Cabaret was definitely a risk, not just because of the decline of musicals, but because Fosse's one foray into film directing had been Sweet Charity, which fizzled at the box-office. The budget for Cabaret was very tightly controlled, and the suits attempted to intervene when they saw rough footage. Fosse had the benefit of filming in Germany, so prying eyes couldn't drop in every day. There's a quote from Michael York in Roadshow! expressing his admiration that Fosse did not cave to corporate demands. He stood his ground, and, well, the stunning results are there on the screen.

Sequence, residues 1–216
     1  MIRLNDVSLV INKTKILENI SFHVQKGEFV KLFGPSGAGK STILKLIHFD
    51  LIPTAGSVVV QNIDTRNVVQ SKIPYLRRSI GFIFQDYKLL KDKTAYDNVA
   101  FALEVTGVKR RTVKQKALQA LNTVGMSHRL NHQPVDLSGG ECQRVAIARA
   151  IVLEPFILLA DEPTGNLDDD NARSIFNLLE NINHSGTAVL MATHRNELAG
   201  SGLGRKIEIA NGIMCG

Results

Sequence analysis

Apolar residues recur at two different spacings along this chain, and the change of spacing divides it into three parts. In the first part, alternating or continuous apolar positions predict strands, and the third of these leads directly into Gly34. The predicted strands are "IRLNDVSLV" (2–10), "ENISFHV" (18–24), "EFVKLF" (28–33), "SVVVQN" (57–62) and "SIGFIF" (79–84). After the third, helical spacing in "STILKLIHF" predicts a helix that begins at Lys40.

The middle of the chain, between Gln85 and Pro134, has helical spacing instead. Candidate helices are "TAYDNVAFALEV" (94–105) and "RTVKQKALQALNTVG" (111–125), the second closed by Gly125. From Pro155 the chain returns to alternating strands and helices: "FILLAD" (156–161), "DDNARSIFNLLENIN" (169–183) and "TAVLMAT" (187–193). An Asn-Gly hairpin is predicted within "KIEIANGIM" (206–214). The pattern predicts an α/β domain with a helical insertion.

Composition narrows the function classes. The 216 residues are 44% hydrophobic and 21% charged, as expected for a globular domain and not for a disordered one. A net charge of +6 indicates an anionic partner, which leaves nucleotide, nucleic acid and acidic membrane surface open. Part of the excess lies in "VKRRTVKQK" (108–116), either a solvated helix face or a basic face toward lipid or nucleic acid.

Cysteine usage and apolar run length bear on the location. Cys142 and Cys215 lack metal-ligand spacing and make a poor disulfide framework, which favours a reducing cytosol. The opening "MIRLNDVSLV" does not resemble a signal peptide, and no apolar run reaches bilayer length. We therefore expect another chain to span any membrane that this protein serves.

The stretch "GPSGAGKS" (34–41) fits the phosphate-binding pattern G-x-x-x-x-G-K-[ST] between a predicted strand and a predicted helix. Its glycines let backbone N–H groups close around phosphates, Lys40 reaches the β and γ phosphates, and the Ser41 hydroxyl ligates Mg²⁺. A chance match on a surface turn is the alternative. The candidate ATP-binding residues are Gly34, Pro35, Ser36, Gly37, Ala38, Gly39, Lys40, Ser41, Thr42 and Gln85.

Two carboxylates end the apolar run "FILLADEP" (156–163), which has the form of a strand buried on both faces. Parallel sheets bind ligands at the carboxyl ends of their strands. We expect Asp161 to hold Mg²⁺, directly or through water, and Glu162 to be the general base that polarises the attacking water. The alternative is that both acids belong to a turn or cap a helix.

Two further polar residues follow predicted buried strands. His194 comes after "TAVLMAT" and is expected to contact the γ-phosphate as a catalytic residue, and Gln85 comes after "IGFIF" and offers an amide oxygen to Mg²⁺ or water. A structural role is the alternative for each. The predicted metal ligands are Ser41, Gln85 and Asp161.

I was wondering how big a gamble it was, in light of the number of big musicals that had failed up to that point, for Bob Fosse to bring Cabaret to the big screen?
Did he encounter any problems with "the suits" in making the musical or did they leave him alone and let him make the film the way he wanted to?